Theological Anthropology: Toward Integrating Theosis and Justification by Faith

By Hinlicky, Paul R. | Journal of Ecumenical Studies, Winter 1997 | Go to article overview

Theological Anthropology: Toward Integrating Theosis and Justification by Faith


Hinlicky, Paul R., Journal of Ecumenical Studies


Introduction

It is arguable today that the historical-critical task of the convergence method in ecumenical studies is largely accomplished and that we are in a stage of reception, the results of which are not yet fully clear.(1) In that case, the way forward lies in mutual theological experimentation.(2) The North American bilateral volume, Salvation in Christ: A Lutheran-Orthodox Dialogue,(3) brims with new theological possibilities for the construction of an evangelical and orthodox theological witness in a post-Constantinian world. The present study is undertaken in the prospect of building critically upon the achievements of the official bilateral dialogue, yet with the freedom to experiment and explore integrative possibilities. I venture that it will be by doing theology integratively that we will, in Orthodox theologian John Breck's words, "transcend our differences of history and culture, in order to discover the depth and breadth of the theology that does in fact unite us."(4) We can integrate the concerns of each theological tradition by turning together ad fontes. "[T]he native tongue of Christians, for the theological expression as well as for speaking of the Christian life, is the language of the Bible," the dialogue reported.(5) "[B]oth traditions have continued to employ the language of the Bible as the primary vehicle of theological expression and spiritual understanding."(6)

Of course, such a turn to the language of the Bible is not so simple today. Speaking from the Lutheran side in the time of a profound crisis of faith and Christian identity(7) after the collapse of Protestant biblicism,(8) there is a perceived need to recover the Orthodox, that is, the early Catholic understanding of the authority of Scripture in the church.(9) The vision here is of a process of Holy Tradition(10) whose content is the divine economy or salvation history.

The Agreed Statement on Revelation of the Lutheran-Orthodox international joint commission states:

The revelation of God, even as contained in Scripture, transcends all verbal expressions. It is hidden from all creatures, especially from sinful man (Greek: the 'old man'). Its true meaning is revealed only through the Holy Spirit in the living experience of salvation, which is accomplished in the church through the Christian life. This catholic experience of salvation in the church is at the same time the only authentic expression of the true understanding of the Word of God.(11)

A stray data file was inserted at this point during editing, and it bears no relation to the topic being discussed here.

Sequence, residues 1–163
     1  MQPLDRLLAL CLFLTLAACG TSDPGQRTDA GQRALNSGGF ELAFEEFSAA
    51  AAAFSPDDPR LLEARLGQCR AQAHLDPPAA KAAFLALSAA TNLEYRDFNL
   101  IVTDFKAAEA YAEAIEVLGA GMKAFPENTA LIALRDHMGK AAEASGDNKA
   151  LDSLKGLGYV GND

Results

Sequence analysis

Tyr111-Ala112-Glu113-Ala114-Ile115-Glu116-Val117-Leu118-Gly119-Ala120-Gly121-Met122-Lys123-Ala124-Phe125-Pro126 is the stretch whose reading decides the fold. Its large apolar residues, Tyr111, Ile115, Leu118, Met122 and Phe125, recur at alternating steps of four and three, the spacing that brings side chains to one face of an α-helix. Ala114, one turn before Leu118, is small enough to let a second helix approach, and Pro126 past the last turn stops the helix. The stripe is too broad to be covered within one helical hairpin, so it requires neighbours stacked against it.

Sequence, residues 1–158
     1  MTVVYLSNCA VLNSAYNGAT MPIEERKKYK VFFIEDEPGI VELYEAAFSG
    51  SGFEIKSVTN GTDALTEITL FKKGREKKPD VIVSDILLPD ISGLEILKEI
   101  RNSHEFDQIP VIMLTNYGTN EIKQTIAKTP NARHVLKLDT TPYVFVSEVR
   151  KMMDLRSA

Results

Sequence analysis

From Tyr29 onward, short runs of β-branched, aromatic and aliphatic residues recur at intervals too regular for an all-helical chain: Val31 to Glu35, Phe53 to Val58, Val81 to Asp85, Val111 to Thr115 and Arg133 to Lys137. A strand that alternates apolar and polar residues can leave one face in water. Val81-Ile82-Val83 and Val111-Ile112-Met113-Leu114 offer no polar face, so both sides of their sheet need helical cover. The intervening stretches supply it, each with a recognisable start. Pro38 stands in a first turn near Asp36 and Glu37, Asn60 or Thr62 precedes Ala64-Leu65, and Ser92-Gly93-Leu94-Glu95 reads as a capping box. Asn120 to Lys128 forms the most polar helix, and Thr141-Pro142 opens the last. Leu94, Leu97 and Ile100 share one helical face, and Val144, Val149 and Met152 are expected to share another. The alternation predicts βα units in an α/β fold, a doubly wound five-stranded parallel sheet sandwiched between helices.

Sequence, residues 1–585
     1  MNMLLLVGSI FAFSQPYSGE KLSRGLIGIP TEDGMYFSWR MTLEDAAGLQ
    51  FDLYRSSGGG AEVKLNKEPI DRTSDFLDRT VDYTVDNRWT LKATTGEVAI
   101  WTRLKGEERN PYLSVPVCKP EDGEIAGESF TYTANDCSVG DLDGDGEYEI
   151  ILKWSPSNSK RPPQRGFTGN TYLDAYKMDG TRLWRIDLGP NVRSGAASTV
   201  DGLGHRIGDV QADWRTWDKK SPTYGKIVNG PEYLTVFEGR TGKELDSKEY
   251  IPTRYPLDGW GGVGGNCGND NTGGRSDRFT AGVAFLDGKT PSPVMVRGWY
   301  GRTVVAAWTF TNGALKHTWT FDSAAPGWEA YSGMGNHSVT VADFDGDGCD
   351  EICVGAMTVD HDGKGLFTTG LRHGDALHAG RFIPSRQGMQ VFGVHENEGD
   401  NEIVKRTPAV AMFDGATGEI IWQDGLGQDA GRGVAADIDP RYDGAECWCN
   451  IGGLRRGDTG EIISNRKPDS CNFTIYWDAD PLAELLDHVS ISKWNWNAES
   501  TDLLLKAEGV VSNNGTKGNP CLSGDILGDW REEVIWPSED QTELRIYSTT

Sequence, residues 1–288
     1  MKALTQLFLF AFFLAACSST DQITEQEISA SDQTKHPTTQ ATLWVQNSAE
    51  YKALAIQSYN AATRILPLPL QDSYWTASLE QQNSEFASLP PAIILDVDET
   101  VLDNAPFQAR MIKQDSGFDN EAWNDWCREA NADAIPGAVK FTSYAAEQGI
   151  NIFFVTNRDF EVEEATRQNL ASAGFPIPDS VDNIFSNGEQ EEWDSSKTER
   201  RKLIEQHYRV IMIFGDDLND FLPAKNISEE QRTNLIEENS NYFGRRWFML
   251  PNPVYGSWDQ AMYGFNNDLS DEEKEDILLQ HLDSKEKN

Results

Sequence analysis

Here the concepts of the church as the eucharistic community extending through time and space, salvation as forgiveness and newness of life, and the authority of revelation as enacting the salvation event are mutually integral. Assuming this kind of reintegration of the understanding of authoritative revelation in the church and as an experience of salvation, I will be trying in what follows to uncover the salvation-history presuppositions of the Lutheran doctrine of justification and its implications for theological anthropology in dialogue with Orthodox understanding of the human vocation.

Theological Anthropology in the Lutheran-Orthodox Dialogue

Classical Christian faith posited the notion of a universal humanity. This belief in the unity of humanity corresponds to faith in God the Creator and the divine plan of salvation. The horizon of human life on the earth, when it is construed as a meaningful history, is the reign of God. Vice versa, the very notion that human life on the earth coheres in and as meaningful history is an act of faith in the reality of the reign. It is a truism that secular thought since the Enlightenment has lost this faith and, with it, this theological anthropology - a turn of events that dogmatically devastated classical Lutheranism, as Wilhelm Mauer has searchingly described.(12) That loss is the broad contemporary context, however, for all Christian traditions; indeed, in some ways it provides the chief motive of ecumenical theology itself. …

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